Is Your E-Business Plan Radical Enough?

During the dot-com frenzy of the late 1990s, most large, traditional companies scrambled to find successful e-business strategies to fight off the aggressive new challengers. Unsure of how to proceed, many turned over their Internet efforts to the CIO and the information-technology organization. In most cases, that was a mistake. However, a few enlightened corporations have made the Internet work for them by assigning e-business efforts to senior-level executives who know the business side intimately — and by placing technology-focused CIOs in the role of partner. Someday all business will be e-business. That’s why it’s important even in an economic downturn for companies to integrate the new e-channel with their other business channels and resist the current temptation to toss Web projects into roomy IT budgets overseen by CIOs.

The new e-business leaders, whether coming from sales, marketing, branding, finance or other business functions, hold in common strong management skills and business insight. Most have little, if any, IT or Internet experience, and not surprisingly, tensions with CIOs often spring up. In the best organizations, a visionary CEO champions e-business over the long term and helps forge strong relationships, but in many cases it’s the e-business leader and the CIO themselves who recognize how much they need each other’s perspective.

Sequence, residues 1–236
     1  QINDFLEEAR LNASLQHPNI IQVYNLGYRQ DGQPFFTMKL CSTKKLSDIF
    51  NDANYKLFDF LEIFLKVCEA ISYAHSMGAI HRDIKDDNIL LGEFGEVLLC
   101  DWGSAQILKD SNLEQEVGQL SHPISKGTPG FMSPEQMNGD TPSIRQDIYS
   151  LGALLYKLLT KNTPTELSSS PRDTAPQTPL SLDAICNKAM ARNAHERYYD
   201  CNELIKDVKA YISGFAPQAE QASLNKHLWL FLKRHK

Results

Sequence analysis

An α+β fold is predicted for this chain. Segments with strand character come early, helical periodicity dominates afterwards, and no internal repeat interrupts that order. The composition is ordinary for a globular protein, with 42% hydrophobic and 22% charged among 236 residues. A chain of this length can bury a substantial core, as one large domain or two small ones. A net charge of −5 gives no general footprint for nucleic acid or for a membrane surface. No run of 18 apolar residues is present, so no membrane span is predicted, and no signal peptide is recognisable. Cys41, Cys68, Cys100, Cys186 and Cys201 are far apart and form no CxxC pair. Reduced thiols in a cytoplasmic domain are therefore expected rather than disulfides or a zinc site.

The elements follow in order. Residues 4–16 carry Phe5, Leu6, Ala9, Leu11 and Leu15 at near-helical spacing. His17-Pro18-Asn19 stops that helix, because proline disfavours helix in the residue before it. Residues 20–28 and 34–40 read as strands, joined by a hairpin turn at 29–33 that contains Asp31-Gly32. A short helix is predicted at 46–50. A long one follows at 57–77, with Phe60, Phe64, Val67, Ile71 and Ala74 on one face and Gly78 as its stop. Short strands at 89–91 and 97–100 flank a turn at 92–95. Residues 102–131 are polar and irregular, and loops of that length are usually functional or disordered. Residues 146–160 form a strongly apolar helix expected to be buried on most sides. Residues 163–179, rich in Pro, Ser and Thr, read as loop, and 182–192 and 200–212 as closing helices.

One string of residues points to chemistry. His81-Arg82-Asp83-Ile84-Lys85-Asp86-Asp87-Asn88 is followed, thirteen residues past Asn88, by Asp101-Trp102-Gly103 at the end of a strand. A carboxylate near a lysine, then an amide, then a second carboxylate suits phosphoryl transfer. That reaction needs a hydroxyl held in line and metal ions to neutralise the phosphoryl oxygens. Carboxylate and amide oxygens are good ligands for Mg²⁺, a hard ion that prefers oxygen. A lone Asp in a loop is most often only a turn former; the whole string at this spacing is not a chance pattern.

How We Got Here

The short, chaotic history of e-business has already taught some useful lessons. For example, particularly in the period 1996 to 1998, many companies learned it’s best not to create a Web presence disconnected from their other channels. Barnes & Noble attempted to take on Amazon.com by splitting off barnesand-noble.com as a completely separate operation from its brick-and-mortar outlets, essentially eliminating its competitive advantage over Amazon: an additional channel with which to reach customers. The strategy bombed.

After the dot-com crash of 2000, CEOs in companies that had failed to create an effective Web presence breathed a sigh of relief. The absurd market capitalizations and attendant stock-option riches disappeared overnight. “Now we can return to business as usual,” many thought.

But the CEOs in our study were different. Having built their e-businesses on traditional business precepts, they rode out the highs and lows. They knew that multichannel shoppers spend more money in each channel than do single-channel shoppers, and they valued the Web as one more desirable channel and as a catalyst for dramatically changing the customer experience.

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